September 6, 2015
Isaiah 35, 4-7 + Psalm 146 + James 2, 1-5 + Mark 7, 31-25
The place is important or Mark would not have given us the detail. Chapter 7 takes place in Tyre which is Gentile territory. Jesus goes there and his presence is a sign that the Reign of God has arrived there as well. Gentiles will not be left out. To make sure that we get the point, Mark repeats the same detail in the healing story we will hear next week. Someone brings these outsiders, these afflicted gentile people to Jesus in the person of this afflicted man today. By the time Mark’s Gospel is coming together, there are Gentiles members in the community following the way of Jesus Christ.
The details of this story are tender, personal, and intimate. Just as we saw last week emerging from the controversy over clean hands and clean hearts, it is the touch of Jesus that cleanses and purifies, heals, and saves. With great tenderness, Jesus takes this man aside. He removes him from the gaze of cold curious spectators and those who would just watch and stare. He respects this afflicted gentile, and with this action of going to a private place, the two of them have a moment of intimacy. That man comes to know Jesus in a personal way, and Jesus looks upon that man with compassion and tenderness to the point that the Gospel says he “sighed.” I believe that this “sigh” is something that wells up in Jesus with great sadness and pain because this man has been so excluded from those who could celebrate and share the Good News of God’s Reign which has begun with the presence of Jesus. In the privacy of that moment and the depth of that relationship, Jesus touches him.
Those who would be followers of Jesus know well that the behavior of Jesus guides our behavior as much as his words. We find a powerful and unmistakable lesson here. The sick, the old, the helpless, the poor, the immigrant, anyone whose condition or affliction in life keeps them from being able to live in and celebrate the Reign of God is received with tenderness and respect. They are not nameless numbers, statistics who have no identity and deserve no respect. Their presence among us should move us deeply to sigh in sadness at their affliction and move us to action as it did Jesus Christ. For they too, says this Gospel, deserve the touch of Jesus Christ and the healing comfort of recognition, respect, and tenderness.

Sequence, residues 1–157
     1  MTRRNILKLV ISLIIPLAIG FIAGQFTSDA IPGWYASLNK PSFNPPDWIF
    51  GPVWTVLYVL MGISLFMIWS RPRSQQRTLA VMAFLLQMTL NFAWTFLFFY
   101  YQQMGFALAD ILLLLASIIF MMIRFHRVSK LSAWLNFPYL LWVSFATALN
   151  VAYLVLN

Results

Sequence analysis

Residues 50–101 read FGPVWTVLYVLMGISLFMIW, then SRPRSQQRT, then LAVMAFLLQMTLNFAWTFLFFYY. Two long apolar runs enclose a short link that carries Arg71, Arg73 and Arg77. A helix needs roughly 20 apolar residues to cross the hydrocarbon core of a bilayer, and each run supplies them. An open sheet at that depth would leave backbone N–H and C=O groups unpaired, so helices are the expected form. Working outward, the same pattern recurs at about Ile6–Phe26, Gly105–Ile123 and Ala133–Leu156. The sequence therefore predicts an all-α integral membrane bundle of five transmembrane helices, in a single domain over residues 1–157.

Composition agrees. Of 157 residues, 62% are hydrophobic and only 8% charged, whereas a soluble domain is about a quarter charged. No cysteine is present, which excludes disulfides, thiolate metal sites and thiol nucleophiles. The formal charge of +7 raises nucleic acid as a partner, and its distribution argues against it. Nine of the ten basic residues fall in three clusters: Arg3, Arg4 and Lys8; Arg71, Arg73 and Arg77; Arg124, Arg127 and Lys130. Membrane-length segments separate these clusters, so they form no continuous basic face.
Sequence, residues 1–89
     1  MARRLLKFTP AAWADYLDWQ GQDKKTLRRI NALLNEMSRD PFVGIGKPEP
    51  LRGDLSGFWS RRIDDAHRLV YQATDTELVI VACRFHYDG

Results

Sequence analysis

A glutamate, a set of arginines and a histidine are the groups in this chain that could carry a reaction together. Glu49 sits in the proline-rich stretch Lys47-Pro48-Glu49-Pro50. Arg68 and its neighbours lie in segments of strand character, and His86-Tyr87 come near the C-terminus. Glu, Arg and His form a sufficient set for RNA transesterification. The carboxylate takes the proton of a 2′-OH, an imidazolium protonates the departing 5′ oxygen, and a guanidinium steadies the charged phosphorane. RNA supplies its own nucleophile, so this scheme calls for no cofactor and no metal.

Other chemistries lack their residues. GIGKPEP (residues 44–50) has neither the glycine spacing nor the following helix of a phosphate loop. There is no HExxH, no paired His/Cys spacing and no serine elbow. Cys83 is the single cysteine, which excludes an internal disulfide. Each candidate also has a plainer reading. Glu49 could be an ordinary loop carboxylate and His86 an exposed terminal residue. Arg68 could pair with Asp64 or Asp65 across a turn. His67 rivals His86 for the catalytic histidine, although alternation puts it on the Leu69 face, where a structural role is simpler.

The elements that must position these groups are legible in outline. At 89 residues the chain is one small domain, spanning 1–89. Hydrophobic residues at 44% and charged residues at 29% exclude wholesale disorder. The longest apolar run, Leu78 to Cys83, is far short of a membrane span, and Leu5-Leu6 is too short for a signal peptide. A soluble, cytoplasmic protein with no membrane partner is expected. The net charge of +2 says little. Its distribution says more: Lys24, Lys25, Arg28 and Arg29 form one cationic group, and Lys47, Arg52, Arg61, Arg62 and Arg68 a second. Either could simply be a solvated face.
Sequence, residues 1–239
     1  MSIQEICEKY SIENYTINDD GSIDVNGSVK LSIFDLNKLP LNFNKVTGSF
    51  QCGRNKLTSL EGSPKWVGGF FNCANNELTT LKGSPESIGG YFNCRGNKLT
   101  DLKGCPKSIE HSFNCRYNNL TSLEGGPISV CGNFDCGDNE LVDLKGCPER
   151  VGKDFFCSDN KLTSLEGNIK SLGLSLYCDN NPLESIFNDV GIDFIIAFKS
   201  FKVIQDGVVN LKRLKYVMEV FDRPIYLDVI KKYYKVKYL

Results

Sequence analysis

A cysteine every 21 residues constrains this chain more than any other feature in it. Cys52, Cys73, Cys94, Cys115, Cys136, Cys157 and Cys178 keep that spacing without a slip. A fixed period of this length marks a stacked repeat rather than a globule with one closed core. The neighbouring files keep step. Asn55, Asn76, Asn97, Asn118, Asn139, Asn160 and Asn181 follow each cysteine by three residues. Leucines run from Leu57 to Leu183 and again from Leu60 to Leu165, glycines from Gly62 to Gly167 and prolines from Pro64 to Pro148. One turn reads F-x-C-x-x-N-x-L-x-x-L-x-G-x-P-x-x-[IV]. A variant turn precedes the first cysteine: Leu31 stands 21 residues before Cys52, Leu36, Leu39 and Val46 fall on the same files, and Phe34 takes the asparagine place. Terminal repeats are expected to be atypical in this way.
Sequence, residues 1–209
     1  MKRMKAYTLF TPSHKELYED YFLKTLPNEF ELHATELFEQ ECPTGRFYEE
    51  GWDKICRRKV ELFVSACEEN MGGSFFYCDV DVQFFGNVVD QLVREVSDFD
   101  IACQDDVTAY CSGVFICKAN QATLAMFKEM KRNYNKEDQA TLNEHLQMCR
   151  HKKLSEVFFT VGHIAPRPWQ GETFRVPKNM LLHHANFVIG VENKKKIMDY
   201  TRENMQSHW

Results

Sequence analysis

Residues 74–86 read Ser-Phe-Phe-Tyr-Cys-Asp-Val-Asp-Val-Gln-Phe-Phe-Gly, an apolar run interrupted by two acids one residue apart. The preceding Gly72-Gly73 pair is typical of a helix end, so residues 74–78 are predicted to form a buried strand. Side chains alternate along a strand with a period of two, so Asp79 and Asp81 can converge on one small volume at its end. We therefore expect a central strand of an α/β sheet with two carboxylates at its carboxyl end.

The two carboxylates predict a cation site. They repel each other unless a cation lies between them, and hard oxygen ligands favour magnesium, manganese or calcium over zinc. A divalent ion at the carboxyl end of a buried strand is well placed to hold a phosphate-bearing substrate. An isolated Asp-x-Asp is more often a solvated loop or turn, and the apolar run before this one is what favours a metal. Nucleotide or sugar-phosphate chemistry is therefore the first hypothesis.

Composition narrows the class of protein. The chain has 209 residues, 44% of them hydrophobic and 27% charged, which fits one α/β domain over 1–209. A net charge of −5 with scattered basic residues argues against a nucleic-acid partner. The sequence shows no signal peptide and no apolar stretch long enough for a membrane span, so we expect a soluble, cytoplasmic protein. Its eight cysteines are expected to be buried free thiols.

This Gospel speaks to us about Charity, about how it is to be lived and experienced both by the giver and the receiver.“Humbly welcome the word that has taken root in you with its power to save you. Act on this word.” says St James in today’s Epistle. As believers of the word, we must live and act with magnanimity of heart to see and value other people as God sees and values them. Nothing else will do. There is no partiality with God. If there is, we should be afraid. Anyone who claims to be a believer must reject all partiality. In a society where designer labels on a person’s apparel seem to speak more loudly than the character of the ones who wear them, this Gospel speaks clearly, and James insists that this is to “judge with evil designs.”
This story told after hearing the Prophet Isaiah makes it perfectly clear that we are now living in the final days, in the Reign of God. The vision of the Prophet has been realized, and we are not only the recipients of that Good News experiencing the tender mercy of God through our relationship with Jesus Christ, we are also the ministers of that same mercy, and the ones who must reveal this good news both by what we say and by what we do.